Tag Archives: death and grieving

Focusing on the Important Things

Robin Botie of Ithaca, New York, photoshops joyful color of a fallen leaf in focusing on life and death, the important things.“Selling isn’t the important thing,” I said, “I just want people to see my work.” It was my first solo show as a photographer in Ithaca. The focus of the exhibit was death and grieving, reframing our views of these. Assuring myself the focal point of the event would be my artwork, not myself, I’d chosen to wear a black dress and over-the-knee black boots to recede into the background. But I’d put on the red beads my mother bought me, so I wouldn’t vanish entirely. The red necklace was to keep guests from fixating on the tragedy of That Woman Whose Daughter Died. After all, the core of the show was supposed to be creativity and healing. If people couldn’t see the forest from the trees, at least they might spot the joyful color of a fallen leaf.

At the reception, after making the rounds of the fourteen huge photographs, people headed over to me one-by-one or in twos. Suddenly I was the center of attention. But I didn’t know how to operate in the spotlight. I didn’t know how to break off speaking with an individual or small group in order to be with the next. Guests waited patiently for me to get to them, and then they gave up and walked away. The couple of times I excused myself saying, “Oh, I need to give that person behind you a hug,” it felt like cutting people off. And the few rare moments I stood alone, I was too shy to approach the strangers examining my work. I was entirely clueless in the art of mingling.

A mother and daughter came through, stopping to study each piece. I wondered what the girl thought of my story and images. I wondered what the mother was saying. Several of the pictures were of my own daughter: Marika as a baby. Marika at age four, at nineteen. We had never attended a show centered on death. Maybe if Marika and I had seen an exhibit like this we’d have had a discussion about dying.

Beyond the friends talking to me, the mother and daughter I didn’t know were ready to leave. I wanted to greet them, thank them for coming. Maybe I could answer a question, or ask which piece they liked best.

I didn’t stop them. But I stood there wishing and hoping my photos would start a conversation between them. Focusing on life and death. The important things.

 

So – does anyone have any tips for how to circulate when you’re in the spotlight?

 

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A Black Hole

Robin Botie of Ithaca, New York, photoshops the eye of a flower to represent the black hole that happens when a loved one dies, that happens when a writer falls into creative block.A black hole can happen when a star dies. It can happen when someone you love dies. And when artists or writers run out of inspiration, losing the ability to create new work, they may wail, “I’m lost in a black hole.”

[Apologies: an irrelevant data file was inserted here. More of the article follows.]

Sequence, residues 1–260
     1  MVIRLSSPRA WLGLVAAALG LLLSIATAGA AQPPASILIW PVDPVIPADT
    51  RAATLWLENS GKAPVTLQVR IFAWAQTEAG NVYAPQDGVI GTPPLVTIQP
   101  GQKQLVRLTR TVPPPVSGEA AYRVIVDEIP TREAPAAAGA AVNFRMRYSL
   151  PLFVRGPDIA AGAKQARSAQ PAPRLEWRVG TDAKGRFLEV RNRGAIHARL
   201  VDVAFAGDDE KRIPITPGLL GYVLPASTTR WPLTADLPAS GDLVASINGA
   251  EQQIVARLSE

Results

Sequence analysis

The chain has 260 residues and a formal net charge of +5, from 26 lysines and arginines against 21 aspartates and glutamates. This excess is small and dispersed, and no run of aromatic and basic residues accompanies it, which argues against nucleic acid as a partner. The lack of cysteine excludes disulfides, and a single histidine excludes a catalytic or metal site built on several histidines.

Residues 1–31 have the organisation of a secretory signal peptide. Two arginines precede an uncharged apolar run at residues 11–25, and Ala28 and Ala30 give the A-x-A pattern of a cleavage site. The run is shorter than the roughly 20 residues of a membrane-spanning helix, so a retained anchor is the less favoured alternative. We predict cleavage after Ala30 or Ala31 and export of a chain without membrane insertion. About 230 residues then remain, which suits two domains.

In a black hole, the pull of gravity is so strong that nothing can escape it, not even light. Powerful tidal forces exert pressure that compresses matter, making it plunge at the speed of light, stretching it out lengthwise and squashing it sideways, tearing it to pieces, smashing, disintegrating, instantly incinerating and obliterating it to ashes.

I remember the early days after I lost my daughter. I remember the crushing feeling, the slow leaking of my energy, gravity ripping me apart. The hopelessness. My insides were imploding. I was alone. Aching. Trapped. Lost in a deep, dark, endless emptiness.

Black holes come in different sizes, from micro to supermassive, from death and grieving to creative block.

“If you feel you are trapped in a black hole, don’t give up. There is a way out,” says world-renowned theoretical physicist Stephen Hawking, who has spent a lifetime studying black holes. But even he questions what kind of shape you, or any matter that gets sucked into a black hole, might be in upon escaping. Hawking says whatever gets freed from the hole is “for all practical purposes … useless.” Still, somehow, my hope survived my black hole. A battered ounce of hope is enough to fuel one forward.

Last week I started off my “new season” of photographic images. Taking cautious baby steps, keeping it simple, I photographed all sorts of orifices with my newly repaired, cleaned camera. Openings in foliage, depressions in trees, eyes of fall flowers… I made a circle. A square. And the beginnings of a plan to bring joy and color back into my life:

Start with a black hole. Put it in a box, to contain the chaos that might grow from it. Hug the negative space around it. Skirt the edges of its perimeter, aware it could suck in and swallow whatever approaches its point of no return. Surround it. Expand it. Drag it around and poke at it. Keep peeking into it to look for light. Learn to love the black hole that periodically pulls. And find new ways to fill it.

 

What can you do with a black hole? How can you fill it? Should black holes just be avoided?

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